The Friends of Royal Park, Parkville holds regular meetings, bird surveys and working bees. We also take an interest in matters affecting Royal Park, such as revegetation projects, bioblitz’s, planning and building developments, transport and parking issues, park and open space projects, history, making submissions and participating in Council and other government programs. We are a member of Landcare Victoria Inc and the Royal Park Stakeholders Network.
The Friends of Royal Park, Parkville is also involved in planning, transport and other matters concerning Royal Park.
The Friends of Royal Park is a member of Landcare Victoria Inc and undertakes its activities in accordance with their Child Safety Policy.
General meetings are held every second month, 7:30pm in the Walmsley House, 161 Gatehouse Street, Royal Park, Parkville, or occasionally by Zoom.
The AGM is held in October. Occasionally, special meetings are held with guest presentations on particular topics of interest. Members of the public are welcome to attend. Reports of these presentations can be found under Special Presentations and Reports.
Feb 14th, April 11th, June 13th, Aug 1st, Oct 3rd and Dec 5th.
Bird surveys in the Park have been held since 2007.
Surveys are held bimonthly on Sundays, 9-11am, meeting the Trin Warren Tam-boore Wetlands carpark, Oak Street, Parkville West.
Dates are provided on the website and Facebook page. Members of the public are welcome to attend.
Survey data is recorded into Birdlife Australia’s Birdata Online Application and the recorded data is also transferred to the Atlas of Living Australia for research purposes.
These are currently scheduled for the 2nd Wednesday and 4th Thursday of every month, 10am – 12noon.
Tasks can comprise of various activities around the Park, including plantings, weeding, seed collection, propagation of indigenous seedlings in the nursery, working with Council and other organisations’ programs and activities.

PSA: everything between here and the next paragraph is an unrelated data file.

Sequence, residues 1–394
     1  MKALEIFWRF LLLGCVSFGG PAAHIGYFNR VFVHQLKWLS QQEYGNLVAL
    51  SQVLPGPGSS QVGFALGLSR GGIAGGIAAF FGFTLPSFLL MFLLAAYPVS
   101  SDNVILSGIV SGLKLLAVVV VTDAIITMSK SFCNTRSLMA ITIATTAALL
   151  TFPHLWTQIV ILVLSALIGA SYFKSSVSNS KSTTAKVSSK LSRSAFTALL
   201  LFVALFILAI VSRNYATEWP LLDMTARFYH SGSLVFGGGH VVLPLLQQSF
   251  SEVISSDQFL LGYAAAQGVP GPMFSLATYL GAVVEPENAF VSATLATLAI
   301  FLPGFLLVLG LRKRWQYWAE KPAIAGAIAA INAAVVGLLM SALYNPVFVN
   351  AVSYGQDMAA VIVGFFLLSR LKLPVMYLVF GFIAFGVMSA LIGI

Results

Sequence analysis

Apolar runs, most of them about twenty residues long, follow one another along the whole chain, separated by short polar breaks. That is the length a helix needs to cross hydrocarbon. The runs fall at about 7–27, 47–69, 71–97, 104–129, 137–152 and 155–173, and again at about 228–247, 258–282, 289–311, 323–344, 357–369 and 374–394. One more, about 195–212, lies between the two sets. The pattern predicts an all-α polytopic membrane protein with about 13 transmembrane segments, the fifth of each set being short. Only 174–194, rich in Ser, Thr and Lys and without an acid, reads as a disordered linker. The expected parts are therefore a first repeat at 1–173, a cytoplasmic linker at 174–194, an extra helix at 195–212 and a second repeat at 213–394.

Members are notified by email, confirming date, task and meeting point. To participate, email firstname.lastname@example.org.
Royal Park – Citizen Scientists
Royal Park is also a popular location for hundreds citizen scientists throughout the year. They record Observations into online platforms such as eBird, Birdata, iNaturalist and numerous other platforms. All this data finds it’s way into the Atlas of Living Australia and is available for scientific research. Since 2017 over 150,000 observations and photographs of all wildlife and flora have recorded in the Atlas of Living Australia for the Park.
The Friends of Royal Park, Parkville has a Facebook page. it features photos of birds, insects, plants, landscapes, events and comments.
Link is: https://www.facebook.com/groups/159966894096868 or search for Friends of Royal Park, Parkville.
For more information on our ACTIVITIES, email email@example.com
iNaturalist* Can be used to:
- Browse the observations made in Royal Park or anywhere around the globe… maybe future holiday spots.
- Log your own observations by uploading either a photo or a sound recording and help map biodiversity for everyone to use. Note only wild organisms will be accepted; not domesticated.
- Search on the name of your favourite bird/insect/plant and see if/where people have spotted it around your area.
- The best feature is the iNaturalist artificial intelligence. It can analyse your photo and suggest the most likely couple of names for what you have seen based on previous data. It then gives you more examples of photos to compare. Once you upload your photo and make a likely identification using the artificial intelligence, you can then either log out or submit that observation. If you submit, other people will either agree with your choice or give you another classification to check. When your choice is agreed upon, the observation becomes “research grade” and is uploaded into the Atlas of Living Australia (ALA).
- Visit the Royal Park, Park iNaturilist Project https://inaturalist.ala.org.au/projects/royal-park-parkville
* iNaturalist Australia is a membership agreement between the iNaturalist Network, the Atlas of Living Australia and CSIRO. It is a neat tool that can be used to record observations of the occurrence and abundance of living organisms for present and future biological and ecological research.